Using locale-specific format catalogs to create reports in multiple languages was published on SAS Users.

9月 042020
 

As SAS Viya adoption increases among customers, many discover that it fits perfectly alongside their existing SAS implementations, which can be integrated and kept running until major projects have been migrated over. Conversely, SAS Grid Manager has been deployed during the past years to countless production sites. Because SAS Viya provides distributed computing capabilities, customers wonder how it compares to SAS Grid Manager.

SAS® Grid Manager and SAS® Viya® implement distributed computing according to different computational patterns. They can complement each other in providing a highly available and scalable environment to process large volumes of data and produce rapid results. At a high level, the questions we get the most from SAS customers can be summarized in four categories:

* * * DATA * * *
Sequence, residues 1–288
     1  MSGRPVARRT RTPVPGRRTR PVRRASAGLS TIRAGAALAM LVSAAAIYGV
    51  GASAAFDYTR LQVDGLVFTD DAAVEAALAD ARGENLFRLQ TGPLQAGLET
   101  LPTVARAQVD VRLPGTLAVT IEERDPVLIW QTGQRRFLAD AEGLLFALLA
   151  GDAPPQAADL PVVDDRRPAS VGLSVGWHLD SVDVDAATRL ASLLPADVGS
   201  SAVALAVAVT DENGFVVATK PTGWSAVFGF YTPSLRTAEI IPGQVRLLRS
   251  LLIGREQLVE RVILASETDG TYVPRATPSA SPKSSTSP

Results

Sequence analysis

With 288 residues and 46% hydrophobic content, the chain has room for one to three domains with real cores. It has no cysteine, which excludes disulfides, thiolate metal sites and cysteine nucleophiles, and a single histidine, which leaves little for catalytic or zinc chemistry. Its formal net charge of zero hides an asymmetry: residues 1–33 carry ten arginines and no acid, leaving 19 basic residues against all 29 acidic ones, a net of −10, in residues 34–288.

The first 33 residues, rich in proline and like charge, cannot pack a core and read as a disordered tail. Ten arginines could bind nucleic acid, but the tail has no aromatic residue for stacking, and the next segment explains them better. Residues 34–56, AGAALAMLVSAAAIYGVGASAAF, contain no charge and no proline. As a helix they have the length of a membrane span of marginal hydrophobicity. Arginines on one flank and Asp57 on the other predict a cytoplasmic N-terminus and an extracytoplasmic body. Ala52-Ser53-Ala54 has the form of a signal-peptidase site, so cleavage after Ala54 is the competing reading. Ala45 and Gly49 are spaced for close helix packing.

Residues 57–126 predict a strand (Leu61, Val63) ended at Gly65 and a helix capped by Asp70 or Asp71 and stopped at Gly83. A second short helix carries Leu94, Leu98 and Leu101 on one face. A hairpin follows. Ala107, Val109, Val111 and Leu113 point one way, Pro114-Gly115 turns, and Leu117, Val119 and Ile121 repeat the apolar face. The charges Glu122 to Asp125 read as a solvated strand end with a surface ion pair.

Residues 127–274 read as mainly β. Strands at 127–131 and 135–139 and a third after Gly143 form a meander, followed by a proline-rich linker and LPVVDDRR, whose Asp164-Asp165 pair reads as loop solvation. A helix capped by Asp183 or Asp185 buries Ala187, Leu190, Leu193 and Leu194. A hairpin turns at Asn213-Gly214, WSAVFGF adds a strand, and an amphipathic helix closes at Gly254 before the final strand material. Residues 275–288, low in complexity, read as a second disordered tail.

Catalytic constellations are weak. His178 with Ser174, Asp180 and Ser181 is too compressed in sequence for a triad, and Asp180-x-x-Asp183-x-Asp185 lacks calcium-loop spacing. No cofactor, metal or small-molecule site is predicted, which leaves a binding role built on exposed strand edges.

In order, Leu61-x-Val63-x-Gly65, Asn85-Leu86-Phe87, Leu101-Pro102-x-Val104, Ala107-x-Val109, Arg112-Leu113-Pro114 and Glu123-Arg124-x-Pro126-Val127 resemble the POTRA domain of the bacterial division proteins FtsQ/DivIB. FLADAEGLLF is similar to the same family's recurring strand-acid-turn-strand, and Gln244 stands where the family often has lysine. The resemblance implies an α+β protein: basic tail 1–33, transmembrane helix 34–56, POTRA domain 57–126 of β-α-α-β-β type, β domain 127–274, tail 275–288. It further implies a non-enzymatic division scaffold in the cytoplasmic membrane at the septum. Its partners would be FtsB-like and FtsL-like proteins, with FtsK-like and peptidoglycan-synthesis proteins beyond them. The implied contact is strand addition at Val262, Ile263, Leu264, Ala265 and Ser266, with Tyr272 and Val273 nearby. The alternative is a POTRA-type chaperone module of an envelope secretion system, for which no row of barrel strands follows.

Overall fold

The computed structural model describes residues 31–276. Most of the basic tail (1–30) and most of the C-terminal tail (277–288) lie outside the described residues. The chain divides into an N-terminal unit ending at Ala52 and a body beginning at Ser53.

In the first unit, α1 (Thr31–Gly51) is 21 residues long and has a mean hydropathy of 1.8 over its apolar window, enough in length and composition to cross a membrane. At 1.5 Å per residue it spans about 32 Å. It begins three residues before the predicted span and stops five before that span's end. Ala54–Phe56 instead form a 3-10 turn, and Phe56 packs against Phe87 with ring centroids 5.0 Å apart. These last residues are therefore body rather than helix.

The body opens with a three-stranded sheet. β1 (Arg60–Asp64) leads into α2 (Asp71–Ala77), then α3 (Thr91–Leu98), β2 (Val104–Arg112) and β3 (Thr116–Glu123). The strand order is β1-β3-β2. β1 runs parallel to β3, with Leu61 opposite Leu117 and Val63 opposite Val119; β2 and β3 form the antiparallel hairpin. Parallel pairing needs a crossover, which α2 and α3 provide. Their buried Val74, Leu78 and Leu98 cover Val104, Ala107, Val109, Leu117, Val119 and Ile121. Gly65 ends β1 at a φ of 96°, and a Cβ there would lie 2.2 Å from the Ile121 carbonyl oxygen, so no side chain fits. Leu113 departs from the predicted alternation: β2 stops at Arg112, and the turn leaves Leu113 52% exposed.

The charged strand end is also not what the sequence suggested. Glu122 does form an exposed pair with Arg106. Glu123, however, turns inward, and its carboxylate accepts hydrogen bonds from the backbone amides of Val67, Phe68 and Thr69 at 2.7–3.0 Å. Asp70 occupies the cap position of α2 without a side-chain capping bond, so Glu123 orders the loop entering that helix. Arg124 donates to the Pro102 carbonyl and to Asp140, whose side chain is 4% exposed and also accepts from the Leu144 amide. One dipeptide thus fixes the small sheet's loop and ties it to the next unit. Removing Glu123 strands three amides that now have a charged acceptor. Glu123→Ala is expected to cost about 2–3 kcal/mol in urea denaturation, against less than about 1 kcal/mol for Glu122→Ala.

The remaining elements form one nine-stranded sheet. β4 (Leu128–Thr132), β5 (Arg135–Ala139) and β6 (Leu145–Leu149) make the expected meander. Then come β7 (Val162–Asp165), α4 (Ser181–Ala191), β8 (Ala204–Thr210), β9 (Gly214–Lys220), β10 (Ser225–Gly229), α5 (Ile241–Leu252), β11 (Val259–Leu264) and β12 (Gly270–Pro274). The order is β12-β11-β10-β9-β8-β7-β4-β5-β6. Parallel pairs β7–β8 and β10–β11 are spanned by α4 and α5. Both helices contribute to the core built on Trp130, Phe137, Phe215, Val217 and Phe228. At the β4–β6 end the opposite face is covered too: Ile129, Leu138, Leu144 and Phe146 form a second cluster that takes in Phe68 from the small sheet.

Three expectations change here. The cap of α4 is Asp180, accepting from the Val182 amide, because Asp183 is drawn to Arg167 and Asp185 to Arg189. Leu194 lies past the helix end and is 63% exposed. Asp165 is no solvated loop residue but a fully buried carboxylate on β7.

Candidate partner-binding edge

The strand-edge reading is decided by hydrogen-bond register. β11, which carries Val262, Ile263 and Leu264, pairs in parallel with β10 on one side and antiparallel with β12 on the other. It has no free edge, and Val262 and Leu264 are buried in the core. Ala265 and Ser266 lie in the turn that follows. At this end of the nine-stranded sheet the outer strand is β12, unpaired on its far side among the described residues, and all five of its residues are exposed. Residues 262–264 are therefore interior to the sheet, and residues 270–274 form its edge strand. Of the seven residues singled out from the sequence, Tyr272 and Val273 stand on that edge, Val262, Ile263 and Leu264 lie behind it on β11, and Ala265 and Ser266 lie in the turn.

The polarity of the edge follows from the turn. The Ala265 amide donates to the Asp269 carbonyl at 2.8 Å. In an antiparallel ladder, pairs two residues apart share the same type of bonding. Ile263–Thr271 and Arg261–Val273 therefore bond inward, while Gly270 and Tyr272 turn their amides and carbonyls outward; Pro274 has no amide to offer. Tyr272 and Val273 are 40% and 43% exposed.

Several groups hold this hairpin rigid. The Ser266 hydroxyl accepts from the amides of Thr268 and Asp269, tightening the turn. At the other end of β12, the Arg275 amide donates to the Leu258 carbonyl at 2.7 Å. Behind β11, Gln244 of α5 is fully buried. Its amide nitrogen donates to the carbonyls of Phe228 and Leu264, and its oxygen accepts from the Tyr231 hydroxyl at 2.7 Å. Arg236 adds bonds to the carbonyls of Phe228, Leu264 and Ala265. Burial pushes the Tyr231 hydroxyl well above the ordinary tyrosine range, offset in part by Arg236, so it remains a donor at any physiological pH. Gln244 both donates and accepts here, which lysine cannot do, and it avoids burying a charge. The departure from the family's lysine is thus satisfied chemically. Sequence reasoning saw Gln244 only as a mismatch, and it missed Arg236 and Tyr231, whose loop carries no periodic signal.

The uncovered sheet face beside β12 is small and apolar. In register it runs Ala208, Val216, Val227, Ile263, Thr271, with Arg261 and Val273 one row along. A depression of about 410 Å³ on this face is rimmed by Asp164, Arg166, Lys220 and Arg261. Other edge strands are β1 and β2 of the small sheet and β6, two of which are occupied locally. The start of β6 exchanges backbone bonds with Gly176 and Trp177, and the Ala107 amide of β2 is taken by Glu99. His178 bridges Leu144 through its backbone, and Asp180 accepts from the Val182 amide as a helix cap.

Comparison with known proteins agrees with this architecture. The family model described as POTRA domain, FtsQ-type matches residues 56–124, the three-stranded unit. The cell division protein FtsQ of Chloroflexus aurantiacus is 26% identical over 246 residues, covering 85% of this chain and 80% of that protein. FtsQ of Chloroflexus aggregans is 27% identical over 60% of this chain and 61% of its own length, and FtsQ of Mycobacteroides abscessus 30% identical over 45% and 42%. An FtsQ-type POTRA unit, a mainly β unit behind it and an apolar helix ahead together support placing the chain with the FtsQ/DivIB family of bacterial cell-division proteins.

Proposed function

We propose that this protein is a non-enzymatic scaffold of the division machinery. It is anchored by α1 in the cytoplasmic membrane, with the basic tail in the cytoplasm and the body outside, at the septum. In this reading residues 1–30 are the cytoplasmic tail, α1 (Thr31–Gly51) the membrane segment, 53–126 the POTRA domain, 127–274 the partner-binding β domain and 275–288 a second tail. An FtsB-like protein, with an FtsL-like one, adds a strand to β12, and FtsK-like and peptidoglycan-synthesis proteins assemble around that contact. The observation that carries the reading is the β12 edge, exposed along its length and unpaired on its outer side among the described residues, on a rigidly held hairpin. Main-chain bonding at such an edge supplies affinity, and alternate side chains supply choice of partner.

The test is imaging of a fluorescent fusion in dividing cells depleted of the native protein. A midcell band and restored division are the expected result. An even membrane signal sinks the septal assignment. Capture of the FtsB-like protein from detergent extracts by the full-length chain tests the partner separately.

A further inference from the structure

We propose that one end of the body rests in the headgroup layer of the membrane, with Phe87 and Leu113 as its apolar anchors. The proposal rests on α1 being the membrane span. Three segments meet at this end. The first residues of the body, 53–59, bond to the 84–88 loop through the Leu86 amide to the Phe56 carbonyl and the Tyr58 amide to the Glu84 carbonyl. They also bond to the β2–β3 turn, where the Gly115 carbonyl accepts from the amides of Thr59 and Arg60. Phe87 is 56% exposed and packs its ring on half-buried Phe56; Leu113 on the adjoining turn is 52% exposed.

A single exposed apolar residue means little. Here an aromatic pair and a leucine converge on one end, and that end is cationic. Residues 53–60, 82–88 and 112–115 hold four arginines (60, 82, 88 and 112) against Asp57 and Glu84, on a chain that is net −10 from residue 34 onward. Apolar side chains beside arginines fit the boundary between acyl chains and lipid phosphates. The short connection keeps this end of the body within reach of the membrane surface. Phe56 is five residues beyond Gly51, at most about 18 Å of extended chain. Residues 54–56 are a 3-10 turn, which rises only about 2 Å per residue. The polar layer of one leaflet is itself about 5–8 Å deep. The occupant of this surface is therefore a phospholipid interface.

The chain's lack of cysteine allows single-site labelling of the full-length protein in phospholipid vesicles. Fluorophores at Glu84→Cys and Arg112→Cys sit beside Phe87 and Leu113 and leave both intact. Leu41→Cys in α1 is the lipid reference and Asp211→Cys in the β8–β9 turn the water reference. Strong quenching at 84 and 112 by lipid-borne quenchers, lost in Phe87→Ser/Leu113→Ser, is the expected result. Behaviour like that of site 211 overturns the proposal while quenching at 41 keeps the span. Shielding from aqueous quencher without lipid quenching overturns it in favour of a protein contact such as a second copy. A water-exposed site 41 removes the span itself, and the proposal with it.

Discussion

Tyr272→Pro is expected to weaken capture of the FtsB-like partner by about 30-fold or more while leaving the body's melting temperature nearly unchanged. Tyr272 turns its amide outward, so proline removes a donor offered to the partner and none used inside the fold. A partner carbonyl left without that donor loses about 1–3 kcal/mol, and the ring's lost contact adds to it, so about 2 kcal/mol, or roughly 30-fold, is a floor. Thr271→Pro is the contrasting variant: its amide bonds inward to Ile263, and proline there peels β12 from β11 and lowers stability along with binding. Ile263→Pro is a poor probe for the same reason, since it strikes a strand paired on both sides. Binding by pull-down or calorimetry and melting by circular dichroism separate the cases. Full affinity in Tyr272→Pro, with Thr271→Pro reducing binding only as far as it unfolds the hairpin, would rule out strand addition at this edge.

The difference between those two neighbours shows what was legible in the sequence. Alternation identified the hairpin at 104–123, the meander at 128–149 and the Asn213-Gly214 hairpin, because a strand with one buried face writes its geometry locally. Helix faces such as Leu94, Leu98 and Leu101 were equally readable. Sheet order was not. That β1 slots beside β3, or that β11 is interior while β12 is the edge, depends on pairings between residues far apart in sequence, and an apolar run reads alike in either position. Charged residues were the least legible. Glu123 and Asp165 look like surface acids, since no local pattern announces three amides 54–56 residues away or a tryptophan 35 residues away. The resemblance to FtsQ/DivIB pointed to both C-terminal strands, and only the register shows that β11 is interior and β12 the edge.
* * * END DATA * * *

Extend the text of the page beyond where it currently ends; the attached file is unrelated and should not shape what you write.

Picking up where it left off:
1. I have SAS Viya and SAS Grid Manager. How can I get the most value from using them together?
  2. I have SAS Viya. Can I get any additional benefits by also implementing SAS Grid Manager?
  3. I have SAS Grid Manager. Should I move to SAS Viya?
  4. I am starting a new project. Which platform should I use - SAS Viya or SAS Grid Manager?

To better understand how to get the most from both an architecture and an administration perspective, I answer these questions and more in my SGF 2020 paper SAS® Grid Manager and SAS® Viya®: A Strong Relationship, and its accompanying YouTube video:

I’ve also written a three-part series with more details:

SAS Grid Manager and SAS Viya: A Strong Relationship was published on SAS Users.

9月 042020
 

As SAS Viya adoption increases among customers, many discover that it fits perfectly alongside their existing SAS implementations, which can be integrated and kept running until major projects have been migrated over. Conversely, SAS Grid Manager has been deployed during the past years to countless production sites. Because SAS Viya provides distributed computing capabilities, customers wonder how it compares to SAS Grid Manager.